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Vol. 74/No. 36      September 27, 2010

March counters protest against
Islamic center in Manhattan
(front page)
Some 3,000 people gathered near City Hall in New York City September 11 to counter protests against plans for an Islamic center and mosque two blocks from the former World Trade Center. The action was billed as an “emergency mobilization against racism and anti-Islamic bigotry.”

A few blocks away, near the proposed site of the Islamic center known as Park51, was a two-block-long packed street rally demanding “no mosque here.”

The New York Post put the demonstration defending freedom of worship at 3,000 and the anti-mosque protest at 2,500. The Daily News claimed the anti-mosque action had hundreds more.

“Islamophobia has got to go,” demonstrators chanted as they marched several blocks from City Hall to the Federal Building and back. Other common slogans denounced Tea Party Patriots and other mosque protesters as racist bigots. There were a small number of Blacks, Latinos, and Asians at the rally against the mosque.

“I’m concerned about our rights as American citizens,” said Aja Mujinga Sherrard, a student from Sarah Lawrence College who helped organize a group of 32 students from her school to attend the rally.

“I’m sick of bigotry dressed up as patriotism,” said Regan Schwartz, 30, a middle school teacher from Brooklyn, who came with another school teacher from Queens. “I’m Muslim,” Momodou Marong, an unemployed former DHL driver originally from Gambia, said. “I came to show my support. I’m against racism and bigotry.”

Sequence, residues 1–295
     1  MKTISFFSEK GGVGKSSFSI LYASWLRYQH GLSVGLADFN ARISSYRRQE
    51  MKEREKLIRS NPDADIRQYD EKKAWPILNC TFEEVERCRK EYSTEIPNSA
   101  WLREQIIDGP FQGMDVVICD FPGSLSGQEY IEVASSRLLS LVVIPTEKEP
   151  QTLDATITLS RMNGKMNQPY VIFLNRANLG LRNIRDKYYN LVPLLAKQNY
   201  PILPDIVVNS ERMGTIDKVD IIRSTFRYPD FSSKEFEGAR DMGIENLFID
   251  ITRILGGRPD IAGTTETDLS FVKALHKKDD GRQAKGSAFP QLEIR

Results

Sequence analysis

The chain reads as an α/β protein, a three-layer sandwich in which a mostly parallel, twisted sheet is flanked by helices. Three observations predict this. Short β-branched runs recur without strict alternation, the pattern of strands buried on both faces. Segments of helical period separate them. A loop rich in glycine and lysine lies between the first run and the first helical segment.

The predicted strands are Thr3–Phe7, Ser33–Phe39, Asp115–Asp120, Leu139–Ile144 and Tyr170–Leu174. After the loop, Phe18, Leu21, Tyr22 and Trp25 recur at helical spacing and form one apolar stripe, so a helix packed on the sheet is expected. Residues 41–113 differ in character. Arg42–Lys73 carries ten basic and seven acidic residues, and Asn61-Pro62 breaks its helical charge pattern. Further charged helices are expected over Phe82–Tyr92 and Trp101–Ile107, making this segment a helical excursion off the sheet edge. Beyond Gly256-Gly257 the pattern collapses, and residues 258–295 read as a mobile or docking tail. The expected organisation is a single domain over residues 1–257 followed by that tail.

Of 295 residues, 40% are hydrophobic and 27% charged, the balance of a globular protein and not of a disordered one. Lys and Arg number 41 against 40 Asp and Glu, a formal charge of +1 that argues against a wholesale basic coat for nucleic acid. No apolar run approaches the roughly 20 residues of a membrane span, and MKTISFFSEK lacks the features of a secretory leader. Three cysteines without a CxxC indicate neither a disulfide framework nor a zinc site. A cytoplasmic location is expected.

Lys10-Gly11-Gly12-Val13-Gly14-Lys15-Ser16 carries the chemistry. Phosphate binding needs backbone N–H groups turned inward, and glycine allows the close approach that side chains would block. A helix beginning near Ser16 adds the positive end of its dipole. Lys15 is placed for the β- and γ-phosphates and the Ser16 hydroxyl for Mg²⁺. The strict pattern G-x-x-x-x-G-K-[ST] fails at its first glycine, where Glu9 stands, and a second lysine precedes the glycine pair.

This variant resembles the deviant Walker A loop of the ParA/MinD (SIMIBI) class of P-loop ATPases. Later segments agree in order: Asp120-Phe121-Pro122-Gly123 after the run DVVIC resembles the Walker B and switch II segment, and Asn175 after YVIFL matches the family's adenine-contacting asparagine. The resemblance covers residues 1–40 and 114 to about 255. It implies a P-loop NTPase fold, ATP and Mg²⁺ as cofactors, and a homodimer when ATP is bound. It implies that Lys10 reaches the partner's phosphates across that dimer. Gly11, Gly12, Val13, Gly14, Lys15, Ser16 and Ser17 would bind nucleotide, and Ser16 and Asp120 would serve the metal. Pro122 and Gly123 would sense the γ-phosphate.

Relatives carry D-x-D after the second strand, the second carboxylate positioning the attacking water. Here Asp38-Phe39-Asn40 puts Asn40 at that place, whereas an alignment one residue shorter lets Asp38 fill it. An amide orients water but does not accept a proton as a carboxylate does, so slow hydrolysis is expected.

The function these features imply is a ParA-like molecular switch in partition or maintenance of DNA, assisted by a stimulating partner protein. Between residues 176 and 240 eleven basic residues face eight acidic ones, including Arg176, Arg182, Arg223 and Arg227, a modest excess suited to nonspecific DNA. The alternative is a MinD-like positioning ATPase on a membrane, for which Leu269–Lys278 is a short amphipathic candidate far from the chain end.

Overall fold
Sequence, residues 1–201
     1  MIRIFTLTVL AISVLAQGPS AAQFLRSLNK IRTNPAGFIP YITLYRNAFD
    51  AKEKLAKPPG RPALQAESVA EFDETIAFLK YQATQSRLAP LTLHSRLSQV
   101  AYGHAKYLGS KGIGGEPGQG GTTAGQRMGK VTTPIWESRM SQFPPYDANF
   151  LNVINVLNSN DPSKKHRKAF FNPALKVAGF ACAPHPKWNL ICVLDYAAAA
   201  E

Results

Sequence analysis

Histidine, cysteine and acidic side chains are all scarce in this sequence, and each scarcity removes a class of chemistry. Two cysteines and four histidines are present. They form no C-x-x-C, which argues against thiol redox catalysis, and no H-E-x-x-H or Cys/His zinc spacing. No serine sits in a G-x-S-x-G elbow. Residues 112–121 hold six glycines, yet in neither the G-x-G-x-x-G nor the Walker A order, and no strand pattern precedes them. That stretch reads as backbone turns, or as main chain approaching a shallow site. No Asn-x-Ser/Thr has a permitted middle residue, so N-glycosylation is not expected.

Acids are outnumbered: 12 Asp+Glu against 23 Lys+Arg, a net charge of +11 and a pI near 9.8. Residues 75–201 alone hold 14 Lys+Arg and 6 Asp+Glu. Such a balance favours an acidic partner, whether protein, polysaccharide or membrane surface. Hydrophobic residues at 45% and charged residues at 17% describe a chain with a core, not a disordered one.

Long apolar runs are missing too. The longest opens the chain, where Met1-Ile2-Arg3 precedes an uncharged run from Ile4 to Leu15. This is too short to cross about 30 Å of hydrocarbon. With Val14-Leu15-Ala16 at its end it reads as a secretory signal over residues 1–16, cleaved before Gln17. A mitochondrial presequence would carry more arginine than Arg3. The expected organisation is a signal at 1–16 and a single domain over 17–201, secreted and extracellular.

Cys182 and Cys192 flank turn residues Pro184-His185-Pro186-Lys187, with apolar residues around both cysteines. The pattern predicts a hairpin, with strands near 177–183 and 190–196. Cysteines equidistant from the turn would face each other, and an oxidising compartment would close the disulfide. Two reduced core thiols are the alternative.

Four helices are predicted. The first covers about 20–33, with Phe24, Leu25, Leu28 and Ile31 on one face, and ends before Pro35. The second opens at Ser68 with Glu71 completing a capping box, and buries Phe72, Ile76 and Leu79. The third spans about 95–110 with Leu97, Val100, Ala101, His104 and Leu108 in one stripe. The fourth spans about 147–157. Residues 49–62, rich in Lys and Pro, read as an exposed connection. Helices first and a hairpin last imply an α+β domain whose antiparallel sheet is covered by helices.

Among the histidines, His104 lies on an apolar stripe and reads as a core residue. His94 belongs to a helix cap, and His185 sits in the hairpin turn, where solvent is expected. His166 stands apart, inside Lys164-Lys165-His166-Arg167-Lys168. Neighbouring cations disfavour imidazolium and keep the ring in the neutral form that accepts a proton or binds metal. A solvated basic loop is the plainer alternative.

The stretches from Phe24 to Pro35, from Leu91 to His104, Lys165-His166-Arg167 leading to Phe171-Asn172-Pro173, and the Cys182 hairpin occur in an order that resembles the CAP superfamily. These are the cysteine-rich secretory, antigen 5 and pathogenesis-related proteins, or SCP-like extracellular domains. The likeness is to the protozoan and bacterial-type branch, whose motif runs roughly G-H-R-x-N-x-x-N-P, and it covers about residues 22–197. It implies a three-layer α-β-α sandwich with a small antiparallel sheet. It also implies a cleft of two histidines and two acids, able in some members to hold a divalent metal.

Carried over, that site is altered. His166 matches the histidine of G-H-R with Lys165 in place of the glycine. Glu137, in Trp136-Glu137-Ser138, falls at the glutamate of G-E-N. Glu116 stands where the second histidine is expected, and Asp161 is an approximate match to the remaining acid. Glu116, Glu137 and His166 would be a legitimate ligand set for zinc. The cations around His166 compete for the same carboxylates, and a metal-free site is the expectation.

Some 50 people spoke, including former Congresswoman Cynthia McKinney, former U.S. attorney general Ramsey Clark, and peace activist Cindy Sheehan, as well as representatives from a range of political, community, cultural, and religious organizations.

Many on the stage denounced anti-Muslim discrimination and the U.S. wars in Afghanistan and Iraq.

Handmade and printed signs included: “First Amendment for everyone”; “No to hate, yes to freedom of religion”; and “Islam has been in New York for 400 years.”

The anti-mosque protest was organized by Stop Islamization of America and chaired by its leader, rightist anti-Muslim writer Pamela Geller. Speakers included John Bolton, former U.S. ambassador to the United Nations, who characterized Imam Feisal Abdul Rauf, the central figure behind Park51, as anti-American and criticized the State Department for sponsoring Abdul Rauf’s recent diplomatic trip to the Gulf.

The featured speaker was Geert Wilders, a Dutch member of parliament and leader of the Freedom Party (PVV), known for his campaign against Islam and Muslim immigrants. “We must draw the line,” he said, “so that New York, rooted in Dutch tolerance, will never become New Mecca.”

The following day Abdul Rauf told a meeting of the U.S. Council on Foreign Relations that “everything is on the table” at this point in relation to Park51.
Related articles:
Socialists join action against banning mosque
Oppose rulers’ assaults at home and abroad
Defend workers rights! Hands off mosque in N.Y.C.  
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